Tag Archives: Disciplined Agile

Refactoring: strategy & collaborative work

Introduction –  The extended definition of Refactoring contains also this part:  “Its heart is a series of small behavior preserving transformations. Each transformation (called a “refactoring”) does little, but a sequence of transformations can produce a significant restructuring. Since each refactoring is small, it’s less likely to go wrong. The system is kept fully working after each small refactoring, reducing the chances that a system can get seriously broken during the restructuring.”- Martin Fowler, at refactoring.com.

Note: this imaginary dialog it’s inspired from an intensive and extensive practice.

What if we will have to perform a Big Refactoring? 

Refactoring cannot be big, it is a special kind of redesign, performed in small steps. See the above definition again.

Reformulate: I need to do a lot of refactorings to clean a legacy code.  There is any best practice?    

You need a strategy?

Yes!

Well, agile and software engineering offer a lot of tactics, including the Martin Fowler refactoring sets but almost no strategy, except … you should work clean from the first time. Use Martin Fowler indications from the start (or early enough), also Uncle Bob Clean Code and Clean Architecture.

Hey! I already have a lot of legacy code debt to solve!

Ok! Let’s build a strategy: how do we start?

This was my question!

Refactoring supposed improving the design, while preserving the functionality. Tests included. Do you have good requirements specifications or a good set of automated tests?

Not in this case.

Then you should recover functionality knowledge from the code and put/perform incrementally some tests. Better: functionality should be explicitly represented in the code and should be testable. And remember: there are two kinds of functionality…

Two?

Yes, first, the one that is application-independent and represent the target domain (domain business rules) and the one that is application-depend aka flow of control.

I remember: that sound like Uncle Bob Clean Architecture.

Yes. You will need to be able to apply distinct tests to them, without mix them with other concerns such as UI, persistence, network and others. Anyway, where do I usually start? I will try to make the running scenarios very clear into the code and that mean the flow of control.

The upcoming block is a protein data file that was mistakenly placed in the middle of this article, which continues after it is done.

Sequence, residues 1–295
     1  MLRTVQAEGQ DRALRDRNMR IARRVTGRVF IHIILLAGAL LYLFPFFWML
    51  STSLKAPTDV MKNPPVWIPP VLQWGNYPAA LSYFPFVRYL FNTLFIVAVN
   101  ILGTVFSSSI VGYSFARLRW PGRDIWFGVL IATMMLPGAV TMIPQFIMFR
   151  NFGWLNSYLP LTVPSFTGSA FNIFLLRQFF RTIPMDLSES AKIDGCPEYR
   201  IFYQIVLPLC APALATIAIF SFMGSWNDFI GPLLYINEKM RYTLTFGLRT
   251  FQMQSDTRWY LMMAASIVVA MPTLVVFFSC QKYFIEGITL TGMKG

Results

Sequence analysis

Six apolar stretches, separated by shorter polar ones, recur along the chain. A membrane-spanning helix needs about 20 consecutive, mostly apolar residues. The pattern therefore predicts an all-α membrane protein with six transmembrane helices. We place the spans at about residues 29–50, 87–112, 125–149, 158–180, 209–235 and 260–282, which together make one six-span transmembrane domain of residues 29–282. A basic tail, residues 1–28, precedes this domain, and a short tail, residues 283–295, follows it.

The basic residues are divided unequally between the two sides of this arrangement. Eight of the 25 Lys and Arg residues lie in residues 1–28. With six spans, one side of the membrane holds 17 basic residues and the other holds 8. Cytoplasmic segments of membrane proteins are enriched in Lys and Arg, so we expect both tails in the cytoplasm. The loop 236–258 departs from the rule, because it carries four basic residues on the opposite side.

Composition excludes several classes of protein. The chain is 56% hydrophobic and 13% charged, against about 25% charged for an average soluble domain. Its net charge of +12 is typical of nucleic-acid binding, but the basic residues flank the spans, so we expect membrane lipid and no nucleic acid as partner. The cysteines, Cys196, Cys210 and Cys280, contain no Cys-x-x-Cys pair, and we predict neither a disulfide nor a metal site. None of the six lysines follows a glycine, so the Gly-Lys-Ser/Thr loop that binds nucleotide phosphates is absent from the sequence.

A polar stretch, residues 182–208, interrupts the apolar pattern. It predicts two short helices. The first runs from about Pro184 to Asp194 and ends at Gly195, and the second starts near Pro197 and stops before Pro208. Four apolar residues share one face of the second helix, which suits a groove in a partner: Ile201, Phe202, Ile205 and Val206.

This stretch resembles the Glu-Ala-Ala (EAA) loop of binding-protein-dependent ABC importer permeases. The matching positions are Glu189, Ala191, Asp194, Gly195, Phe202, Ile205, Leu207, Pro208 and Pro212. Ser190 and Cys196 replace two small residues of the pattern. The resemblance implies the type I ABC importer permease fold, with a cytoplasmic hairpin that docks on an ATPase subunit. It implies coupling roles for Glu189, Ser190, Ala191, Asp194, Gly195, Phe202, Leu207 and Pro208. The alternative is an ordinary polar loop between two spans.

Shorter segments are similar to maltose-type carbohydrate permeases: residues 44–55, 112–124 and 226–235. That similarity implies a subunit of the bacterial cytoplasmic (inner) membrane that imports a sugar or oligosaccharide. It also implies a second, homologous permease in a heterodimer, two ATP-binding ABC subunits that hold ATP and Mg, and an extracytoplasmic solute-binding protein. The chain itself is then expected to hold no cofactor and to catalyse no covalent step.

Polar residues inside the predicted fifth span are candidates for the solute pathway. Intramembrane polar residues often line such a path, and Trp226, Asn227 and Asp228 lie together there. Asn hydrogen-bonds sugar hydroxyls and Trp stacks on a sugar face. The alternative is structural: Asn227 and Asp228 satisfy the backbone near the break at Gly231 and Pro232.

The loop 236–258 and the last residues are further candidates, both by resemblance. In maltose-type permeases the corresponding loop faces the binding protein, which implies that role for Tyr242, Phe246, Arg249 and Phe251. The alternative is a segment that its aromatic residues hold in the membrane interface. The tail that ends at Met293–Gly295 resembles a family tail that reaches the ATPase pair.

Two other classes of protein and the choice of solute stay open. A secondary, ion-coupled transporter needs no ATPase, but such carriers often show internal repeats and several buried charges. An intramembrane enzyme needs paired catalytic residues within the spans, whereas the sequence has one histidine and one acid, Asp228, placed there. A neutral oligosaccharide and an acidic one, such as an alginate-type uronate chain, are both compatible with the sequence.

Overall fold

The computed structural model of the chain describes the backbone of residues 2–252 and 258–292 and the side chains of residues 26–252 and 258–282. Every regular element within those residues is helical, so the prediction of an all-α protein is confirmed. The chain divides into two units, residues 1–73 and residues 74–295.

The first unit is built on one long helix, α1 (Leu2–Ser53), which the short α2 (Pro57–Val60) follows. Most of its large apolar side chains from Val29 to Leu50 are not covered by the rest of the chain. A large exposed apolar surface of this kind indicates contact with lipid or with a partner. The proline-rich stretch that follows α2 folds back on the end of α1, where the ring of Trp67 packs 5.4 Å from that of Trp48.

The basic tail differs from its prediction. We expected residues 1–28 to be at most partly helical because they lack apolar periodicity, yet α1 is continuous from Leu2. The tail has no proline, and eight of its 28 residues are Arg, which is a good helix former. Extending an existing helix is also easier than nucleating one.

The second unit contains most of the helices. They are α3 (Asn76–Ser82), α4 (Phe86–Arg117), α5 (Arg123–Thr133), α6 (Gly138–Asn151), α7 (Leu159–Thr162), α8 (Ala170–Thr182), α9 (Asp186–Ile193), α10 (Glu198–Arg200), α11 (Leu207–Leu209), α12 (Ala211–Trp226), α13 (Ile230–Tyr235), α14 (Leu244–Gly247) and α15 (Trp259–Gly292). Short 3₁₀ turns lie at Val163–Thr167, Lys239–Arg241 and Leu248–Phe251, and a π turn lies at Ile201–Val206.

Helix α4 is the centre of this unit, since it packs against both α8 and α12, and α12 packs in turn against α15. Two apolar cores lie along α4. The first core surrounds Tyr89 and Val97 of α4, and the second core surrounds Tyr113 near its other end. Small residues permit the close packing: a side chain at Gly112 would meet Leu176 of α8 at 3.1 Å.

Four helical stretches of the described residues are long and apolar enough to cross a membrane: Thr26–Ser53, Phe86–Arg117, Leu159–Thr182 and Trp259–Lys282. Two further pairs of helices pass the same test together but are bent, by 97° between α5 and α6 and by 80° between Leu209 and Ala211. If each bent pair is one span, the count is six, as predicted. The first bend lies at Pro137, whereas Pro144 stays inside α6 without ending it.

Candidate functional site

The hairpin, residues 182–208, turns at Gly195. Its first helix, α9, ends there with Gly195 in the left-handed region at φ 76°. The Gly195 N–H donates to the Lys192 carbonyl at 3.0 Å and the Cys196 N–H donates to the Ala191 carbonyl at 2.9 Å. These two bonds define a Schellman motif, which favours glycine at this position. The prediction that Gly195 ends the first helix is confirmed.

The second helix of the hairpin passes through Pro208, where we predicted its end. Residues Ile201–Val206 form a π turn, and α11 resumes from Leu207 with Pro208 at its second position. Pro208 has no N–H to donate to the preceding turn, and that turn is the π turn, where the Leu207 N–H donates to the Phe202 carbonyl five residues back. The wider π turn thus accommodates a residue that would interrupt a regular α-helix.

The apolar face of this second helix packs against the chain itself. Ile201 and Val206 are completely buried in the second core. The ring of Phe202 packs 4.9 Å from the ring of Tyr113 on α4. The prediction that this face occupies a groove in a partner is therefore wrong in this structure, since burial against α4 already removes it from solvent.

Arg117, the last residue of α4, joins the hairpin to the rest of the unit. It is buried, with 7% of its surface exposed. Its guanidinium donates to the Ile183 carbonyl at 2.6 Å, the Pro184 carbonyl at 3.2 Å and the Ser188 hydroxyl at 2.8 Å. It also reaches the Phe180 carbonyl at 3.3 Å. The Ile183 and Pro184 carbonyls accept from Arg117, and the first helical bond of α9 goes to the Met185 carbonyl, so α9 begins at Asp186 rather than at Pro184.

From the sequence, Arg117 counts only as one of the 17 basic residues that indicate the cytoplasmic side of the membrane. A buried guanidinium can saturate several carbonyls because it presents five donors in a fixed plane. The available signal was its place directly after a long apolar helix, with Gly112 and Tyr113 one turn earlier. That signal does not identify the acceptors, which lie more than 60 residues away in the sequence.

In English, please?

I want to clearly see these: were the event triggered by the system actors start and the end-to-end full path until return. More, I want to refactor to make this path clear enough.

How could be not clear? ­­­

Global context. If the functionality path chaotically accesses the global context, then we could have undesired intersections with other paths/scenarios, that will compromise both data and function. In the same time, we can decouple flow/orchestration from specialized concerns.

What we get?

We will have explicit representation of the functionality (with no undesired contacts with other flows), needed for tests (we can apply auto-tests on it). Also we will have the first entry points to the specialized parts that also could be <decorated> with some tests. Then we can apply tactical refactoring as we need.

And …the domain business rules?

Must be decoupled from other concerns and you have to dedicate them specialized design/test elements.

That’s all?

Almost. You need to test any redesign. Tests need knowledge about functionality. If some parts are missing, now it is the time to recover them in auto-tests (preferable) or in other form of specification.

How do I know that recovered requirements are correct?

You don’t. More, you should always suspect that spaghetti-like legacy code include many unobserved bugs. You should validate these functional requirements by intensive collaboration with your colleagues, with domain experts, customer and other stakeholders.

Do you have any idea about how to do that?    

Start with Pair Programming (refactor in pairs). Pairing is not enough, and you will probably need more people involved – use Model Storming: discuss the resulted functionality with more colleagues.

Model Storming?

Yes, it is an agile practice, part of Agile Modeling (and Disciplined Agile) and it was created to complement core practices from XP. Also, you should actively involve your stakeholders in validating the recovered functionality…. Active Stakeholder Participation, that it is another Agile Modeling recommended practices. And at the end you will have more free bonuses.

What bonuses?

Functionality it is easy to accurately read from code (seconds!) and your colleagues and your stakeholders will already have acquired the recovered functional knowledge.